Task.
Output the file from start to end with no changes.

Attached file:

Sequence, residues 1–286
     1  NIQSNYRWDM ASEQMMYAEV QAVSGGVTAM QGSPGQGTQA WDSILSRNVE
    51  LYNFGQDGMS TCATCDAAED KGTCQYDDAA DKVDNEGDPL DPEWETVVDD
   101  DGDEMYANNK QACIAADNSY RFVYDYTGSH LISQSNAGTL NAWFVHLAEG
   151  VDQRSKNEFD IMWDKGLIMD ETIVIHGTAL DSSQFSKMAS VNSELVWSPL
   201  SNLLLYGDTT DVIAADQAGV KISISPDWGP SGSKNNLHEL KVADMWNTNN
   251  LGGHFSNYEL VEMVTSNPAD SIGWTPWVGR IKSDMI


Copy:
Sequence, residues 1–286
     1  NIQSNYRWDM ASEQMMYAEV QAVSGGVTAM QGSPGQGTQA WDSILSRNVE
    51  LYNFGQDGMS TCATCDAAED KGTCQYDDAA DKVDNEGDPL DPEWETVVDD
   101  DGDEMYANNK QACIAADNSY RFVYDYTGSH LISQSNAGTL NAWFVHLAEG
   151  VDQRSKNEFD IMWDKGLIMD ETIVIHGTAL DSSQFSKMAS VNSELVWSPL
   201  SNLLLYGDTT DVIAADQAGV KISISPDWGP SGSKNNLHEL KVADMWNTNN
   251  LGGHFSNYEL VEMVTSNPAD SIGWTPWVGR IKSDMI